Nurturing leads properly increases engagement and sales funnel transition. It’s common to want to perfectly predict the journey and intervene, but leads must also be allowed to take unpressured action when ready.

Aging and Bottling = Converting Opportunities to Closed Won

Wine can be bottled right away for storage and consumption or left for additional aging. The same is done in marketing operations as sales conversations lead to final negotiations and decision making for potential customers. Hopefully they can close the deal, but sometimes further nurturing needs to be done, and that’s when they become recycled to nurture.

And there you have it! All of those “once-seeds-turned-grapes-on-the-vine” have been delicately cultivated, separated and nurtured, and bottled up just to deliver the best variety and quality tasting wines to a sparkling glass near you. Hands get shaken and dotted lines get signed. Cheers to the upfront work of marketing operations – ahh the fruits of labor!

Charlie says, “A Marketing Ops Expert is Like a City Planner”

I like to think of a marketing team as a fast growing city trying to attract investment, tourism and talent. Let’s call the city “San Brancisco.” Just like in marketing ops, there are many aspects of building a city, which includes engineering, architecting and development.

Aligning Key Stakeholders

In the planning stages of building San Brancisco, the events team is putting on festivals, marathons, and art exhibitions to attract people. The demand gen team is putting up “San Bran is the new San Fran” billboards nationally and building their mailing list. The customer marketing team is advocating for building more parks and wider bike lanes. Partner marketing is partnering with businesses to set up their new HQ in downtown (in exchange for a nice tax break). And sales is telling all the marketing teams that they need more people coming to San Bran in order to sell the $1m studio apartments that were just built.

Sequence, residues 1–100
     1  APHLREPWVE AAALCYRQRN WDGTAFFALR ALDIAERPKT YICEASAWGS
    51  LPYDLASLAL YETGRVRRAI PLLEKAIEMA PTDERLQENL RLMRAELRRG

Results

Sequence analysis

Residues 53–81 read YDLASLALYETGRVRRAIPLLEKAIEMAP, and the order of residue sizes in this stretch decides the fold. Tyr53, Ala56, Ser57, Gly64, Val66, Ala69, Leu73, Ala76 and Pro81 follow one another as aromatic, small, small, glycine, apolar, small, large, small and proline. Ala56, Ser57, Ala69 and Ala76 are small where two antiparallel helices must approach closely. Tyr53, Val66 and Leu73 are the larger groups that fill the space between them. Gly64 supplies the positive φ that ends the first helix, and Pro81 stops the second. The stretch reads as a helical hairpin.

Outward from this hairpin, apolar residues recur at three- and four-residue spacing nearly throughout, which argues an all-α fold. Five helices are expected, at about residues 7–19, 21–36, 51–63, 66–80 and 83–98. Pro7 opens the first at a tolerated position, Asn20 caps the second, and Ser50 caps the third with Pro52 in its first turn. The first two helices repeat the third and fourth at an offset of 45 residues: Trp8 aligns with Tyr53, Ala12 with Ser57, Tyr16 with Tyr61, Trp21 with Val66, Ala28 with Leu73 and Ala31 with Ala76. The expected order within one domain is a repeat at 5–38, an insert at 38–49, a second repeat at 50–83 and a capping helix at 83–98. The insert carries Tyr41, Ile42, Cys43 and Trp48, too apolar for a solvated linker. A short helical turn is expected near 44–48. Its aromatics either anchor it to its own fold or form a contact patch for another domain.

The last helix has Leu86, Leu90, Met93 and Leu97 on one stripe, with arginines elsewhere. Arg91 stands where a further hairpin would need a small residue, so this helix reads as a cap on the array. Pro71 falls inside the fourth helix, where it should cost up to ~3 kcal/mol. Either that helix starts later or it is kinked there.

Building the Roadmap

In this complicated mix of agendas, priorities and a hell of a lot of work, the marketing ops team has evolved to be the city planner and developer. They coordinate with all the stakeholders to make sure the city has the buildings and technology to run effectively, they develop the right strategy to attract new people, streamline traffic so each visitor has a wonderful experience getting to world class events, then they capture the visitors information and a way of contacting them through every method possible. With the goal of the experience being so great they consider moving to San Brancisco, especially as they just saw a very well paid job at

Building a Modern Infrastructure and Capturing Data

However, the marketing ops team doesn’t just talk about strategy, they get to work building a modern technology-forward infrastructure to make sure every aspect of the city is optimized to achieve the city’s lofty goals. And while building this world-class city the marketing ops team is required to manage complex data sets through big brother style monitoring of the people. Every detail of every person in the city is recorded, including their unique behaviors and even hidden intent to move to other cities, to best ensure the marketing and sales teams can target each person with great (often a little scary) personalization and effect.

Determining the Best Candidates

Now is the time to start hiring city officials. Marketing Ops combs through the data they have on all the city dwellers to determine who may be the right fit for Mayor and Councilmen. After all, the people we select need to have deep pockets, and be willing to put money and effort into the city. Once all our candidates are selected, we can present them to the key stakeholders (the sales team) and they will decide if those candidates are good enough, or if we should look for some more.

Cleaning and Maintenance

Once you build an entire city you can’t just leave and go build the next city, you need to keep everything in order, and implement new laws if necessary. Marketing ops does all of the monitoring and cleaning of the city. Consider them the Police, tracking down any bad guys (junk data or bugs!) and keeping them out of the city.

It’s a tough job for the “city planners” in B2B tech, but someones got ta do it, San Bran just can’t be San Bran without them.

With a job as intricate and under-the-radar as marketing operations, we’ve found the best way to explain what we do is through either the 3Ps or real world analogies. If you weren’t familiar with the aspects of marketing ops, we hope this has given you a little more understanding of its function within businesses. If you are a fellow marketing ops member, hopefully this will help you better explain your job when mom asks what you do all day.